General Audience, June 21, 2000
Jesus Christ, the one Saviour of the World, Bread for New Life Pope John Paul II General Audience June 21, 2000 1. Jesus Christ, the one Saviour of the World, Bread for New Life: this is the theme of the 47th International Eucharistic Congress, which opened last Sunday and will end next Sunday with the Statio Orbis in St Peter's Square. The Congress puts the Eucharist at the centre of the Great Jubilee of the Incarnation and expresses all its spiritual, ecclesial and missionary depth. It is from the Eucharist, in fact, that the Church and every believer draw the indispensable strength to proclaim and bear witness before all to the Gospel of salvation. The celebration of the Eucharist, the sacrament of the Lord's Passover, is in itself a missionary event, which plants the fertile seed of new life in the world. This missionary aspect of the Eucharist is explicitly recalled by St Paul in the Letter to the Corinthians: As often as you eat this bread and drink this cup, you proclaim the Lord's death until he comes (1 Cor 11: 26). 2. The Church repeats St Paul's words in the doxology after the consecration. The Eucharist is a missionary sacrament not only because the grace of mission flows from it, but also because it contains in itself the principle and eternal source of salvation for all. The celebration of the Eucharistic sacrifice is therefore the most effective missionary act that the Ecclesial Community can perform in the history of the world. Every Mass ends with the missionary mandate Go, an invitation to the faithful to bring the message of the risen Lord to their families, workplaces and societies throughout the world. It was for this reason that in my Letter Dies Domini I invited the faithful to imitate the example of the disciples of Emmaus who, once they had recognized the risen Christ in the breaking of the bread (cf. Lk 24: 30-32), felt the need to return immediately to share with all their brethren the joy of meeting the Lord (cf. n. 45). The bread that is broken opens the life of Christians and of the entire community to sharing and to self-giving for the life of the world (cf. Jn 6: 51). The Eucharist brings about that unbreakable bond between communion and mission, which makes the Church the sacrament of the unity of the whole human race (cf. Lumen gentium, n. 1). 3. Today it is particulary necessary for every Christian community to draw from the celebration of the Eucharist the inner conviction and spiritual strength to come out of itself and open itself to other poorer communities in need of support in the areas of evangelization and missionary cooperation, by encouraging that fruitful exchange of reciprocal gifts which enriches the whole Church. It is also very important to discern, on the basis of the Eucharist, missionary vocations and ministries. After the example of the early community in Antioch, engaged together in the liturgy of the Lord, every Christian community is called to listen to the Spirit and to accept his invitations, setting apart for the universal mission the best energies of its children, sent out joyfully into the world and accompanied by the prayer and the spiritual and material support they need (cf. Acts 13: 1-3). The Eucharist is also a permanent school of charity, justice and peace for renewing the surrounding world in Christ. From the presence of the Risen One, believers draw the courage to be artisans of solidarity and renewal, committed to transforming the structures of sin in which individuals, communities and at times entire peoples are entangled (cf. Dies Domini, n. 73). 4. Lastly, this reflection on the meaning and missionary content of the Eucharist cannot fail to mention those outstanding missionaries and witnesses to the faith and love of Christ who are the martyrs. The relics of the martyrs, preserved since antiquity beneath the altars where the memorial of the Victim whose death has reconciled us is celebrated, are a clear sign of the power flowing from Christ's sacrifice. This spiritual energy spurs all who are nourished by the Body of the Lord to offer their lives for him and for their brothers and sisters by giving themselves without reserve and, if necessary, even by shedding their blood. May the International Eucharistic Congress, through the intercession of Mary, Mother of the Christ offered in sacrifice for us, help to make believers more conscious of the missionary responsibility that stems from their participation in the Eucharist. The Body given and the Blood poured out (cf. Lk 22: 19-20) are the highest criterion they must always use in giving themselves for the world's salvation.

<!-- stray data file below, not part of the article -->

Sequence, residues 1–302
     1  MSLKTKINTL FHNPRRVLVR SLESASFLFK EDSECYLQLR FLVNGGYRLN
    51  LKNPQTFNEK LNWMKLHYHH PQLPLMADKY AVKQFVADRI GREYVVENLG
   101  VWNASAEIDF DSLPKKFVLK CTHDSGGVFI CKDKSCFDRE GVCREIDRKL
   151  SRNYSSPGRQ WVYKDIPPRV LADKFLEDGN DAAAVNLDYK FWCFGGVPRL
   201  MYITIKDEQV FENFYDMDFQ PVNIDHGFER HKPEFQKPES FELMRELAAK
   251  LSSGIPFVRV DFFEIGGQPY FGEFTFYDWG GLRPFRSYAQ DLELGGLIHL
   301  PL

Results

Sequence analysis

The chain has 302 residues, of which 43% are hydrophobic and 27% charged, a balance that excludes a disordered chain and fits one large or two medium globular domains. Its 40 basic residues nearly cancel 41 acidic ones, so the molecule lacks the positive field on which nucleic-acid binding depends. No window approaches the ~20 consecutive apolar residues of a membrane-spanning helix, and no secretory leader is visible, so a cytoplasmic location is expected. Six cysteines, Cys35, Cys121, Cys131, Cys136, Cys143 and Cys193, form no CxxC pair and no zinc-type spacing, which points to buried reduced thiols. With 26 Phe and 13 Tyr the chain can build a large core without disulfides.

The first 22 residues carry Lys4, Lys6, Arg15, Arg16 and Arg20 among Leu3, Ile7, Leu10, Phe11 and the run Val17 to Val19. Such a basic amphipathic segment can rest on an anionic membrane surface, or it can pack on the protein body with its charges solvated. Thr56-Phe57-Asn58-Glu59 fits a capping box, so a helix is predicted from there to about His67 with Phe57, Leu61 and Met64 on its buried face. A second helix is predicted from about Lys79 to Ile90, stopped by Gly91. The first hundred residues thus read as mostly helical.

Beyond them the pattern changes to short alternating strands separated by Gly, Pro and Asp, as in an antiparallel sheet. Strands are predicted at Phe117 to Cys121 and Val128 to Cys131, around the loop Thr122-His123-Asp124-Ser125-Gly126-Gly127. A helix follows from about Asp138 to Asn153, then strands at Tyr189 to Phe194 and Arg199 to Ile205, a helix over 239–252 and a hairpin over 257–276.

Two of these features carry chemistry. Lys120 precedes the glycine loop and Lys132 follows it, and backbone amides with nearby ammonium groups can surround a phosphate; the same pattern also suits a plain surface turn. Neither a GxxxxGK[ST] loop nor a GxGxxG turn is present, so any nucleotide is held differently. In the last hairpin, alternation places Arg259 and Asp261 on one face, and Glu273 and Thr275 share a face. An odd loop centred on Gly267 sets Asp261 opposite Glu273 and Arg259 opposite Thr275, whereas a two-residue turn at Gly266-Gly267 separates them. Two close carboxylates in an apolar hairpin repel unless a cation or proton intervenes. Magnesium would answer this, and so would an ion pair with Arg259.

To the English-speaking pilgrims and visitors the Holy Father said: I welcome the English-speaking pilgrims and visitors, especially those from England, Ireland, the Philippines, Hong Kong and the United States of America. Though the gift of Christâ€™s Body and Blood, may you be renewed in faith, hope and charity, and may you willingly undertake the task of witnessing to the Gospel in your daily lives.